Quick Thoughts: Ukraine, Russia, and the Path Forward

Kim Catechis, Investment Strategist for the Franklin Templeton Investment Institute, recently shared his thoughts around the situation in Ukraine and the implications for the global economy and capital markets. Here are some highlights of his views.

Leviathan, a book written by Thomas Hobbes in 1651, posited that because individuals at their core act in their own best interests unsentimentally, governments should do the same in relation to other countries. Today, we are watching a conflict where this idea is being tested, with larger ramifications globally.

  • The current environment looks to be a realignment of geopolitical expectations across Europe. As Russia marches towards creating a buffer zone between itself and NATO through some level of control of Ukraine, the rest of Europe is adjusting to this reality. Germany’s announcement raising its military budget to 2% of gross domestic product (GDP) is a strong statement considering it has not had this level of spending since 1990.
  • The rapid and coordinated efforts of Western nations demonstrates this realignment. Sanctions have been more impactful in magnitude and in a more coordinated effort than what was expected, and implemented much more swiftly than other similar situations, such as the occupation of Crimea. The importance of this cannot be understated as sanctions often require some period of time to provide maximum impact.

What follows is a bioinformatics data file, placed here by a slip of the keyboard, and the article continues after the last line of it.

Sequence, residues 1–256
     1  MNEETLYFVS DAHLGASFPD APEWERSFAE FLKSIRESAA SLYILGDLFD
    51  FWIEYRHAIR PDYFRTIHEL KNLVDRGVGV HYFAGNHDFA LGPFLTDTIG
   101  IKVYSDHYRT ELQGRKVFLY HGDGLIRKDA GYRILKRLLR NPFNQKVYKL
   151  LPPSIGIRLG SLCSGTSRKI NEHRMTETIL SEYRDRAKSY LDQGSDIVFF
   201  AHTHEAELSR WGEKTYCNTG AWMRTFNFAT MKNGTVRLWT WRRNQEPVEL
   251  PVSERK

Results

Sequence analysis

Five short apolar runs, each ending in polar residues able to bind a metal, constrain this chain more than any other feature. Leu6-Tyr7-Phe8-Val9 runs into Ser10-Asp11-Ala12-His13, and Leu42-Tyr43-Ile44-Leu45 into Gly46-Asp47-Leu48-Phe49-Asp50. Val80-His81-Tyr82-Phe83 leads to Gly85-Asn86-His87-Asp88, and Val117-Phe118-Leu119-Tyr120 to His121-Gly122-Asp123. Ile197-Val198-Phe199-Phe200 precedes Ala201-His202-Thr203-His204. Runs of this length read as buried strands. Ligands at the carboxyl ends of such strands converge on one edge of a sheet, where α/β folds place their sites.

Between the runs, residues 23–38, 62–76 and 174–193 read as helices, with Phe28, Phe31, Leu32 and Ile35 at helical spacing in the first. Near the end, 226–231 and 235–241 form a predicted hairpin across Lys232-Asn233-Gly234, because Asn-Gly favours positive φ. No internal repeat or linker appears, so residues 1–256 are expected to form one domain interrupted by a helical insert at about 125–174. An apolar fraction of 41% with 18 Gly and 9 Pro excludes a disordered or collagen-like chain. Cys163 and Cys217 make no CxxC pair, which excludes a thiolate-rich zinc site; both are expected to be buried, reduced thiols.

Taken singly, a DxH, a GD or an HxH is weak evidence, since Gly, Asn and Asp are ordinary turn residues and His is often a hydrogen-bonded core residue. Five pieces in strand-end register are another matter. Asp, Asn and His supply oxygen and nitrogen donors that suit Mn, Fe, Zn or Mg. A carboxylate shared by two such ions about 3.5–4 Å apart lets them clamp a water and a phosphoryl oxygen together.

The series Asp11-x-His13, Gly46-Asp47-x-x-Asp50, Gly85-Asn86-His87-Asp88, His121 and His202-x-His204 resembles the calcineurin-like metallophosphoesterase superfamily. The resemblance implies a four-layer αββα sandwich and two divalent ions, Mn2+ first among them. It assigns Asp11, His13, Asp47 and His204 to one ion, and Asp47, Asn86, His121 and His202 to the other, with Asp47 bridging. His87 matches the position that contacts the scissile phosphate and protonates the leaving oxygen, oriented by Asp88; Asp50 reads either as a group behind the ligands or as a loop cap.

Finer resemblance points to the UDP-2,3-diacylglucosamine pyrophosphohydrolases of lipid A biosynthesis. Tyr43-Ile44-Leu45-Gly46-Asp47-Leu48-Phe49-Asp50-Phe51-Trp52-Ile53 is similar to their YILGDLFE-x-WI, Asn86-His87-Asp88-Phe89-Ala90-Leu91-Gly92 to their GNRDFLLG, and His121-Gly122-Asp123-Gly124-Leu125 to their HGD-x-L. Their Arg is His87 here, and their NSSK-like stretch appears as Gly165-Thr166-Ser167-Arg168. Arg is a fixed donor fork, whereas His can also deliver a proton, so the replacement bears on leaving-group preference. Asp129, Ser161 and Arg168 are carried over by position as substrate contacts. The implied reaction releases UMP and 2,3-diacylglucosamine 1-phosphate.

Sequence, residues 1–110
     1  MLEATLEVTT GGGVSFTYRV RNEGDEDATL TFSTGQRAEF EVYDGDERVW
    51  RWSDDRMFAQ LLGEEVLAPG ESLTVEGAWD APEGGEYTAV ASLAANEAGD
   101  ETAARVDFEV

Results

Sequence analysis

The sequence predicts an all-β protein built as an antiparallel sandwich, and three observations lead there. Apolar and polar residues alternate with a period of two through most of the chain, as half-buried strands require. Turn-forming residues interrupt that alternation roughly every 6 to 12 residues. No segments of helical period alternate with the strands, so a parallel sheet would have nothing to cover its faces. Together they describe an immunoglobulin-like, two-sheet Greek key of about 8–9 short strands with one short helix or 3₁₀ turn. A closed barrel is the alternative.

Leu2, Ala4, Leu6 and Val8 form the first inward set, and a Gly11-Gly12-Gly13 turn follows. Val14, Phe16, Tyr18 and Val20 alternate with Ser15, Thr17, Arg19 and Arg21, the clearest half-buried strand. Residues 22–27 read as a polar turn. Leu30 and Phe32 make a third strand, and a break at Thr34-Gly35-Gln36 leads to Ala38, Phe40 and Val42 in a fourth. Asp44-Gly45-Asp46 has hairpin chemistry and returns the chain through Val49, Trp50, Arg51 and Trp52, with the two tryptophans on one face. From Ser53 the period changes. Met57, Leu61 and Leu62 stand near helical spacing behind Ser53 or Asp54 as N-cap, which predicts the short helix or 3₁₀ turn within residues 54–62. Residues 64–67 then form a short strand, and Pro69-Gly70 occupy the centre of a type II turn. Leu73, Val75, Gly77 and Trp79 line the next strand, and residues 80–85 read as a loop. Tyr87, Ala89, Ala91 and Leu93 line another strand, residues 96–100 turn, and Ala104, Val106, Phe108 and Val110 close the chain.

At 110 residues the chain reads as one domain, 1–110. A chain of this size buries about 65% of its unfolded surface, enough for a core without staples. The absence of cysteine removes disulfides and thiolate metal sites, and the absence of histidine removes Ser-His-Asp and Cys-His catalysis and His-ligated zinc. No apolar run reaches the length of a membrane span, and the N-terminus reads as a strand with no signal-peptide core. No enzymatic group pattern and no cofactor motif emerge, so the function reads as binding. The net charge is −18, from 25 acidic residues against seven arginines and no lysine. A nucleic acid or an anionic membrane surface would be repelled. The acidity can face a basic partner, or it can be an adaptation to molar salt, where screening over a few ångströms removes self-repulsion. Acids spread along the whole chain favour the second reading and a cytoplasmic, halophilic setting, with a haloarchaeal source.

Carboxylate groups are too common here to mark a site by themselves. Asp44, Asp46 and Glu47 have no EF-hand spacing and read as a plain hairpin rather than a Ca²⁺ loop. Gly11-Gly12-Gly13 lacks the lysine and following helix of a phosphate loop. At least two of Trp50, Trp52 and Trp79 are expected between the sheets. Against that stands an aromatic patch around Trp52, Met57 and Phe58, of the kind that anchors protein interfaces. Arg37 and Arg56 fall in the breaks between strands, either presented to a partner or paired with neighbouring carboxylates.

• Shorter term, we are likely to see higher volatility across capital markets, primarily due to higher commodity prices. Oil and gas prices will likely continue to see upward pressure on supply concerns. Ukraine accounted for 17% of corn exports in the last trading year, and with the La Niña weather pattern in the southern hemisphere reducing expected production in Argentina this season (22% of exports last year), the impact to both food and feed prices will have broad implications on inflation.1 GDP growth in Europe for 2022 is expected to slow by 0.3%-0.5%, a decline softened by government support during the pandemic.2
  • Longer term, we would expect structural shifts in supply chains and infrastructure. Europe had already taken steps to improve its energy security by reducing reliance on Russian oil and gas. In addition to increased use of liquefied natural gas (LNG), the shift toward renewables will likely accelerate progress on its Green New Deal. China could emerge as an incremental buyer of oil and gas from Russia, and Europe could become more reliant on the United States and Qatar for future LNG needs.
  • The monetary path of central banks is changing and an important dynamic to monitor. As most countries had already embarked on an interest-rate tightening cycle to combat inflation, the prospect of slower growth is shifting those expectations. The initial response has been a reduction in expectations in terms of the pace and magnitude of interest-rate increases in 2022.